This is a good book about productivity, a decent book about management.
- Putting in hours is not the same as working.
- Decide what’s worth doing, and do that.
- Decide what’s not worth doing, and don’t do that.
- Spend your work time producing or thinking about what’s important.
- Minimize distractions.
- More features ≠ better.
- More years of experience ≠ better. Someone with 1-2 years of experience knows all they need to about your industry.
- Hire good people and then trust their judgment. Don’t bug them with meetings.
- Who says meetings have to take exactly 15, 30, 45, or 60 minutes? End them early.
- Be courageous.
- Be sincere.
- Send people home at 5.
Before I read Rework, I thought the 37 Signals guys were silly beneficiaries of hype. "We built tools for our team—like webifying IRC—then we sold those tools to other developers. Never had an actual product”—like a self-help seminar from a guy whose only success has been selling self-help seminars.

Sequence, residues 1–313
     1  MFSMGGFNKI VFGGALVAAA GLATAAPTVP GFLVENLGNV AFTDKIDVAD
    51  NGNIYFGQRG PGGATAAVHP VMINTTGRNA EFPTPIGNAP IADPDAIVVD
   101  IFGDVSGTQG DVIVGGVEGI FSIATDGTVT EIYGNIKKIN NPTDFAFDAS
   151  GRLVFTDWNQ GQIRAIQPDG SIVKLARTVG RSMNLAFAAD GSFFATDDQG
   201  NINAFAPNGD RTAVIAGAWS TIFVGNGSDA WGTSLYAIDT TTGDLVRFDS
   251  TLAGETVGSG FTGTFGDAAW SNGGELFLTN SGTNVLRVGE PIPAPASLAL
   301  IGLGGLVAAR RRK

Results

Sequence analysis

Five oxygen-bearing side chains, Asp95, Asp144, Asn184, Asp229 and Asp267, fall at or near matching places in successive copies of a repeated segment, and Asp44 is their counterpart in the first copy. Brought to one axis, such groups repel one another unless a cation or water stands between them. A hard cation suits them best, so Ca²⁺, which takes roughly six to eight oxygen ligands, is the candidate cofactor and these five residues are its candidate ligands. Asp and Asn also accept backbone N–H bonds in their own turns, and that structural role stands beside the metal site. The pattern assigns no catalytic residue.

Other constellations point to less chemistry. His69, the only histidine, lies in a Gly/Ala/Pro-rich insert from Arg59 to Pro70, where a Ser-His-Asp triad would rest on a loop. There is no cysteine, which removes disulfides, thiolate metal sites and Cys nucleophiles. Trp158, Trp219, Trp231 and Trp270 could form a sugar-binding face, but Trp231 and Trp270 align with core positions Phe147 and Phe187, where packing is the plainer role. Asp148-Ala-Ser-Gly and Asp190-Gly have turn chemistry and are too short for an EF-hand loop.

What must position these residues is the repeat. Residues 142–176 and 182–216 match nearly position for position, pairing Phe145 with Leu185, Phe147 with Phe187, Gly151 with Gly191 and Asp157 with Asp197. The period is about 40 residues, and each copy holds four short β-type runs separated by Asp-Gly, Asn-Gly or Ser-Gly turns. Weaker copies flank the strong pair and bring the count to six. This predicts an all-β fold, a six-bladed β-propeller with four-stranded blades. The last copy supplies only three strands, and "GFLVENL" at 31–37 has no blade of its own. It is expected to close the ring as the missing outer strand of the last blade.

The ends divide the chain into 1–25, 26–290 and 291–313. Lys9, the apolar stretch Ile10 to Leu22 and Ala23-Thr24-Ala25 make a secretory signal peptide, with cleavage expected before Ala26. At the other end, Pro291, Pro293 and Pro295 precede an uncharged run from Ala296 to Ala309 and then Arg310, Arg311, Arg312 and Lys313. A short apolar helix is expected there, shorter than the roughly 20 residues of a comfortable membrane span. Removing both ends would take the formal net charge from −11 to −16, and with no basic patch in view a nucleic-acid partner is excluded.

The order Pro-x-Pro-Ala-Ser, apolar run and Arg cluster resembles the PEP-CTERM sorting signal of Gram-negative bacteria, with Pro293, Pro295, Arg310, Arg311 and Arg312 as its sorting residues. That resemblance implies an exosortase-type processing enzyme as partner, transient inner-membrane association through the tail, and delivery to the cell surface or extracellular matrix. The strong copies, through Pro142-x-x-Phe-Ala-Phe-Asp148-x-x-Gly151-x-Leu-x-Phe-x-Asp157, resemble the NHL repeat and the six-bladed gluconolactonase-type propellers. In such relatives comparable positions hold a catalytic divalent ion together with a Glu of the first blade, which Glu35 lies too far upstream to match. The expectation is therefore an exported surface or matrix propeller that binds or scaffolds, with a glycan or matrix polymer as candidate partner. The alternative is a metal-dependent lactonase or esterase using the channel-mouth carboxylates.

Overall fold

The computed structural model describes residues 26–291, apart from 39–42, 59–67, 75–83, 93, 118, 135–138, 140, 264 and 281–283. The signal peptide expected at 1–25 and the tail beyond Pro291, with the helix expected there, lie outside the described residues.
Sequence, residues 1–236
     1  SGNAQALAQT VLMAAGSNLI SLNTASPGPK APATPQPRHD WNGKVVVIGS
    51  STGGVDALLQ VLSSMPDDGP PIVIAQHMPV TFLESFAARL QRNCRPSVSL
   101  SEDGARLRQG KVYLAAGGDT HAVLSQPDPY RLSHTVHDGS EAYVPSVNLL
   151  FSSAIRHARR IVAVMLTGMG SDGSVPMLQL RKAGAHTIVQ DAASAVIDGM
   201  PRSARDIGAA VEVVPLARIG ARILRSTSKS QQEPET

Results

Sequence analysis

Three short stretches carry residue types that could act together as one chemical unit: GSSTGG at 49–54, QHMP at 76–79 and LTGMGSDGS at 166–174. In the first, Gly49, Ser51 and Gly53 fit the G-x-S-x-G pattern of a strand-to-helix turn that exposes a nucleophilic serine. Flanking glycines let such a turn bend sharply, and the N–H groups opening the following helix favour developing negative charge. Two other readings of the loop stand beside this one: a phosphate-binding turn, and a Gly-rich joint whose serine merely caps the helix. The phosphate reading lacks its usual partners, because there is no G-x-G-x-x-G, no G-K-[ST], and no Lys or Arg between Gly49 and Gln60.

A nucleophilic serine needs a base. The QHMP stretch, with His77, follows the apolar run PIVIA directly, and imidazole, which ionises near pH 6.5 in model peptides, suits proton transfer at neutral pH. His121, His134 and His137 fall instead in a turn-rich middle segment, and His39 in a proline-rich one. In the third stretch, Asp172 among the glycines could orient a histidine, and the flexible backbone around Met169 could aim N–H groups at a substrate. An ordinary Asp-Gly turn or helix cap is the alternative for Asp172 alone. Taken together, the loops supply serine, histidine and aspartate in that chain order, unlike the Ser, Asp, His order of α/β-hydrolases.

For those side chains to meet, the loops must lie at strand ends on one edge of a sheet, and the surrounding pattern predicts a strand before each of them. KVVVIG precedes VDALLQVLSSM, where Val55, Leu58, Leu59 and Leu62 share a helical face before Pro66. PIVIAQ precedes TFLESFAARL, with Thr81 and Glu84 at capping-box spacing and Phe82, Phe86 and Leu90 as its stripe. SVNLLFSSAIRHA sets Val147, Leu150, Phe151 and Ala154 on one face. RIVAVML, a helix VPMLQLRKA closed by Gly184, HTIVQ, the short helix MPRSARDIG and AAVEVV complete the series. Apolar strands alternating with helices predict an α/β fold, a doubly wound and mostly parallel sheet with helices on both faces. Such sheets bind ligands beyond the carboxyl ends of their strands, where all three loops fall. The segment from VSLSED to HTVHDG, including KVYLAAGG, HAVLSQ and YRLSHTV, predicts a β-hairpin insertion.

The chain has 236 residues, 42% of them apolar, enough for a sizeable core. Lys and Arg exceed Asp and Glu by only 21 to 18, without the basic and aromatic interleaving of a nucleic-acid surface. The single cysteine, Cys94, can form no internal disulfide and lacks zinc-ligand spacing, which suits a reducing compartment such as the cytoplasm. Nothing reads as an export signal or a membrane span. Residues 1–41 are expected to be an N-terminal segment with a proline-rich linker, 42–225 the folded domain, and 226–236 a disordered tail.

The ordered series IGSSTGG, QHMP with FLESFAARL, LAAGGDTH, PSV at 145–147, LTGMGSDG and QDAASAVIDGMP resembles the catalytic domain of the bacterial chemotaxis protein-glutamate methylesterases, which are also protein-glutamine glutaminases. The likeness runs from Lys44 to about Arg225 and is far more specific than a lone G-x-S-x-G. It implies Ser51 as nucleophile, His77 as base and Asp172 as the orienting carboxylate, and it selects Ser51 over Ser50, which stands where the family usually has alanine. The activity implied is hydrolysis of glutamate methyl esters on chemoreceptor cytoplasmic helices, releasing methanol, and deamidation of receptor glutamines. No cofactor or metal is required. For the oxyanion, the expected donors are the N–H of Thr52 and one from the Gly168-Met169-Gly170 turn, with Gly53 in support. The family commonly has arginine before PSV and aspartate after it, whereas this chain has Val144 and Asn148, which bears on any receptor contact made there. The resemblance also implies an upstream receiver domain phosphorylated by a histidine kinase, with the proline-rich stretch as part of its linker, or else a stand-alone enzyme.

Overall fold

But they don’t mince words and they don’t waste the reader’s time: large print, short chapters, half the pages are images rather than words. The writing is up to Strunk & White standards, which is almost never true of management books.
A lot of their advice is web-company specific. There is so much pomp, fluff, and hype in the “web startup” space that they unfortunately must spend a lot of time debunking pure crap—such crappy crap that it shouldn’t even need to be debunked, except that so many crapheads are sniffing this crap that they’ve lost touch with common sense.
These obvious debunkments cover:
- "startups" and "entrepreneurs" who play instead of working
- people who think some “stupid” corporation with a lot of money will buy their dumb idea
(because obviously those people got tens of millions to play with by being stupid, right?)
- people who think they just need to raise more money and then their business will work — no, it’s failing because your product sucks
The book is cheap ($10) and a quick read.